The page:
As we continue to unearth the complexities of the gut and its impact on longevity, one message rings clear: nurturing our microbiome is vital to creating a healthier, vibrant future.


      Sender R, Fuchs S, Milo R. Revised Estimates for the Number of Human and Bacteria Cells in the Body. PLoS Biol. 2016;14(8):e1002533. Published 2016 Aug 19. doi:10.1371/journal.pbio.1002533

      Gilbert JA, Blaser MJ, Caporaso JG, Jansson JK, Lynch SV, Knight R. Current understanding of the human microbiome. Nat Med. 2018;24(4):392-400. doi:10.1038/nm.4517

      Andrès E, Loukili NH, Noel E, et al. Vitamin B12 (cobalamin) deficiency in elderly patients. CMAJ. 2004;171(3):251-259. doi:10.1503/cmaj.1031155

      Mohajeri MH, La Fata G, Steinert RE, Weber P. Relationship between the gut microbiome and brain function. Nutr Rev. 2018;76(7):481-496. doi:10.1093/nutrit/nuy009

      Hrncir T. Gut Microbiota Dysbiosis: Triggers, Consequences, Diagnostic and Therapeutic Options. Microorganisms. 2022;10(3):578. Published 2022 Mar 7. doi:10.3390/microorganisms10030578

      Wilmanski T, Diener C, Rappaport N, et al. Gut microbiome pattern reflects healthy ageing and predicts survival in humans [published correction appears in Nat Metab. 2021 Apr;3(4):586]. Nat Metab. 2021;3(2):274-286. doi:10.1038/s42255-021-00348-0 

      Jackson MA, Jeffery IB, Beaumont M, et al. Signatures of early frailty in the gut microbiota [published correction appears in Genome Med. 2016;8(1):21. Jackson, Matt [corrected to Jackson, Matthew A]]. Genome Med. 2016;8(1):8. Published 2016 Jan 29. doi:10.1186/s13073-016-0262-7

      Sonnenburg ED, Smits SA, Tikhonov M, Higginbottom SK, Wingreen NS, Sonnenburg JL. Diet-induced extinctions in the gut microbiota compound over generations. Nature. 2016;529(7585):212-215. doi:10.1038/nature16504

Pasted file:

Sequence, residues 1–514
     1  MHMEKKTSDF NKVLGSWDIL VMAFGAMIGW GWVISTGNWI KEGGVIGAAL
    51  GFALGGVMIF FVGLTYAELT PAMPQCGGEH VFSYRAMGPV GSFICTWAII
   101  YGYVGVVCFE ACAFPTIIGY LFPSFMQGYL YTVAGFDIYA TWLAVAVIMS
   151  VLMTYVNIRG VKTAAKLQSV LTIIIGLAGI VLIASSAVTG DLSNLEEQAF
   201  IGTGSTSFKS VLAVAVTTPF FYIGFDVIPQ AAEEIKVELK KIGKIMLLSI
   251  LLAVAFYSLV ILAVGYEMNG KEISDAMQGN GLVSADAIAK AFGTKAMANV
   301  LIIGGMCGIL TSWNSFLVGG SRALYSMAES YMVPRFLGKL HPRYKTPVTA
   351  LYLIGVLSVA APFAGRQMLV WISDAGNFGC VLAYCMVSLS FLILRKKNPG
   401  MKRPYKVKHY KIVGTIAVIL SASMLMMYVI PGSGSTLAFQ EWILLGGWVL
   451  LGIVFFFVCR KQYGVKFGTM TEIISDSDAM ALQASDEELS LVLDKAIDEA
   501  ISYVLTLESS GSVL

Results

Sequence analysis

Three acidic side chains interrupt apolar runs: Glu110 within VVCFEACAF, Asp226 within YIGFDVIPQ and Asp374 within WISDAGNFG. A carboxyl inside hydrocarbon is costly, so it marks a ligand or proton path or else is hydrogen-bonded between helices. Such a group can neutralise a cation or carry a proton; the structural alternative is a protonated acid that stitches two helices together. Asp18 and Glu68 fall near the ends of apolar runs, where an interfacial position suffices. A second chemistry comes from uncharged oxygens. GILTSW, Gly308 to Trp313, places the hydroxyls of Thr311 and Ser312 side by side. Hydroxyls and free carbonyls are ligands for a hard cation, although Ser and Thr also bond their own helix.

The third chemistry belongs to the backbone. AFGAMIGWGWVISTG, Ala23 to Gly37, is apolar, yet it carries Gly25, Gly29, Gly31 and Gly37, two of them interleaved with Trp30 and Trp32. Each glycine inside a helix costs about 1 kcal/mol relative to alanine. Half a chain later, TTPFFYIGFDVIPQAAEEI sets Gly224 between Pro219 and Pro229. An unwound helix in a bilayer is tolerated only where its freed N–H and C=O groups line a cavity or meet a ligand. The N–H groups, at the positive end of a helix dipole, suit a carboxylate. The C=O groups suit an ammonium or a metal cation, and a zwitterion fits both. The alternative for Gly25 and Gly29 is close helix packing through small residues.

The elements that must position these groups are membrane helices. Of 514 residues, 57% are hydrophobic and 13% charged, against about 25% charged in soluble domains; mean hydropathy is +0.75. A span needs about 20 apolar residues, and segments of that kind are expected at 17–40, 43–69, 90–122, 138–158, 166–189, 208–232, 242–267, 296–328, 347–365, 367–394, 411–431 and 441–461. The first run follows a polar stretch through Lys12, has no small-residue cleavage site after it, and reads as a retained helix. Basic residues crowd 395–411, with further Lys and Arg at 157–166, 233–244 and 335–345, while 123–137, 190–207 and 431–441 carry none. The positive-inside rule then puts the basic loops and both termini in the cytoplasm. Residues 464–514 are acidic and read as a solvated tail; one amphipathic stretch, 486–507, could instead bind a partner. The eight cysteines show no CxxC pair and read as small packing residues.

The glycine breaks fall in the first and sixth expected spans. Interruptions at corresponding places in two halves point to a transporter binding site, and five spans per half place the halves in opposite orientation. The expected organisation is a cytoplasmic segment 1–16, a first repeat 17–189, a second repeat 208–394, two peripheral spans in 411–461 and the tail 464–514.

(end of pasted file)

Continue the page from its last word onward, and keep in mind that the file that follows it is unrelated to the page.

Holscher HD. Dietary fiber and prebiotics and the gastrointestinal microbiota. Gut Microbes. 2017;8(2):172-184. doi:10.1080/19490976.2017.1290756 

      Monda V, Villano I, Messina A, et al. Exercise Modifies the Gut Microbiota with Positive Health Effects. Oxid Med Cell Longev. 2017;2017:3831972. doi:10.1155/2017/3831972

      Marco ML, Heeney D, Binda S, et al. Health benefits of fermented foods: microbiota and beyond. Curr Opin Biotechnol. 2017;44:94-102. doi:10.1016/j.copbio.2016.11.010

      Smith RP, Easson C, Lyle SM, et al. Gut microbiome diversity is associated with sleep physiology in humans. PLoS One. 2019;14(10):e0222394. Published 2019 Oct 7. doi:10.1371/journal.pone.0222394

      Madison A, Kiecolt-Glaser JK. Stress, diet, and the gut microbiota: human-bacteria interactions at the core of psychoneuroimmunology and nutrition. Curr Opin Behav Sci. 2019;28:105-110. doi:10.1016/j.cobeha.2019.01.011 

      Engen PA, Green SJ, Voigt RM, Forsyth CB, Keshavarzian A. The Gastrointestinal Microbiome: Alcohol Effects on the Composition of Intestinal Microbiota. Alcohol Res. 2015;37(2):223-236.

      Huang C, Shi G. Smoking and microbiome in oral, airway, gut and some systemic diseases. J Transl Med. 2019;17(1):225. Published 2019 Jul 15. doi:10.1186/s12967-019-1971-7

      Chen X, Zhang J, Yin N, et al. Resveratrol in disease prevention and health promotion: A role of the gut microbiome [published online ahead of print, 2023 Jan 2]. Crit Rev Food Sci Nutr. 2023;1-18. doi:10.1080/10408398.2022.2159921

      Wellington VNA, Sundaram VL, Singh S, Sundaram U. Dietary Supplementation with Vitamin D, Fish Oil or Resveratrol Modulates the Gut Microbiome. Int J Mol Sci. 2021;23(1):206. Published 2021 Dec 24. doi:10.3390/ijms23010206

      Leeming ER, Johnson AJ, Spector TD, Le Roy CI. Effect of Diet on the Gut Microbiota: Rethinking Intervention Duration. Nutrients. 2019;11(12):2862. Published 2019 Nov 22. doi:10.3390/nu11122862

      Older post Newer post